Type specimen posters are used to demonstrate visual examples of how a font performs. This is important for designers as it is an effective way of conveying a fonts aesthetic before using it. Type specimen posters show how the font would look in a range of different weights and sizes, the fonts punctuations, upper and lower case, numerical styles and how it looks when typographical emphasis’ is applied.
Research and sketches
Before designing I carried out research on the typeface Baskerville. The Baskerville font dates back to the 1730s, when John Baskerville worked on engravings for tombstones where he used a style on writing that would in future resemble his typeface. In the 1750s John Baskerville wanted to design a thinner version of the typeface Caslon, resulting in the Baskerville typeface being created in 1754. The Baskerville typeface is known for its “crisp edges, high contrast and generous proportions”
The Baskerville font was designed as a book face and is available as a popular font on PC’s and Macs on various writing and design software’s.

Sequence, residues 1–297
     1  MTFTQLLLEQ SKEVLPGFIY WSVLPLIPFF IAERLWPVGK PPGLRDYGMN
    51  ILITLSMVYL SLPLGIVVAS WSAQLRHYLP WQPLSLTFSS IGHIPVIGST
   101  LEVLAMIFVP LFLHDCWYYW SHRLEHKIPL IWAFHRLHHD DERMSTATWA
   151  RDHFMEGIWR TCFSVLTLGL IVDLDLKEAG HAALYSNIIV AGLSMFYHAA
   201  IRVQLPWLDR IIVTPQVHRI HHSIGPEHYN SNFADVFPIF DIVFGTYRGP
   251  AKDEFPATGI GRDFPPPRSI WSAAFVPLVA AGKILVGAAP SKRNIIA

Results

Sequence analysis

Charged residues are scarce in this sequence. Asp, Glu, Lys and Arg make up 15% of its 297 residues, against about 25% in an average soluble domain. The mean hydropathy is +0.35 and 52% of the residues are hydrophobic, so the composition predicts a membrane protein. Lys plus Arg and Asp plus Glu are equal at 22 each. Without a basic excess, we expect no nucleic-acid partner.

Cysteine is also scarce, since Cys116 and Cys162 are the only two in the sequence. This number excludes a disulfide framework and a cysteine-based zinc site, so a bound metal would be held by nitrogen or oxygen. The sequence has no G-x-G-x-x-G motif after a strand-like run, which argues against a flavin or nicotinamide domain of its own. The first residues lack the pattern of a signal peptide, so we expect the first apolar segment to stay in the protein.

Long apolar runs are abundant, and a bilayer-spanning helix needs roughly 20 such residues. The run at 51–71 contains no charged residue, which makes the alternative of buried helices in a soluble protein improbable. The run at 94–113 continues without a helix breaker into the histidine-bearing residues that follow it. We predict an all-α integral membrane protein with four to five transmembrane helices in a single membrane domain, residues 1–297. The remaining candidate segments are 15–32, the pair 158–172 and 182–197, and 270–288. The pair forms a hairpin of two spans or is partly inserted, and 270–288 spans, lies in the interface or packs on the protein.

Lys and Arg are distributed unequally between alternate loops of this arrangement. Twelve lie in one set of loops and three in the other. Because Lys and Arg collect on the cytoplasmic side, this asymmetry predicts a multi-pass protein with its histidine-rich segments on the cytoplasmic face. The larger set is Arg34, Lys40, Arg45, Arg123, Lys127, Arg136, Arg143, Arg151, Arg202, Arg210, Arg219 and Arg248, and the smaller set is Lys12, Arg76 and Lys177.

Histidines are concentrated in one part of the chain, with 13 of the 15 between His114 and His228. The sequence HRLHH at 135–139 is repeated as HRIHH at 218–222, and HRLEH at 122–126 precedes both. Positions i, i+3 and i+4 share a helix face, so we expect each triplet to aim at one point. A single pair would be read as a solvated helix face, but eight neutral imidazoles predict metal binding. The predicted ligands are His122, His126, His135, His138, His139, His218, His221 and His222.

Today, Baskerville is available on both PCs and Macs, solidifying it as a popular font. Just as different letterpresses offered slightly tweaked variations of the original font, there are several digital varieties of the font, too; some are crisper, with thinner downstrokes, while others are heftier, and easier to read for several pages.
“I think its enduring appeal with professional designers is largely down to the fact that it’s got a certain flair and a handmade character. It was designed as a book face and it still excels at that today ― at least in the right kind of book anyway. Otherwise it’s good for invoking an historical feel to text without coming across as too stuffy.” – Tony Seddon, designer and author of “Lets talk Type: An Essential Lexicon of Type Terms.”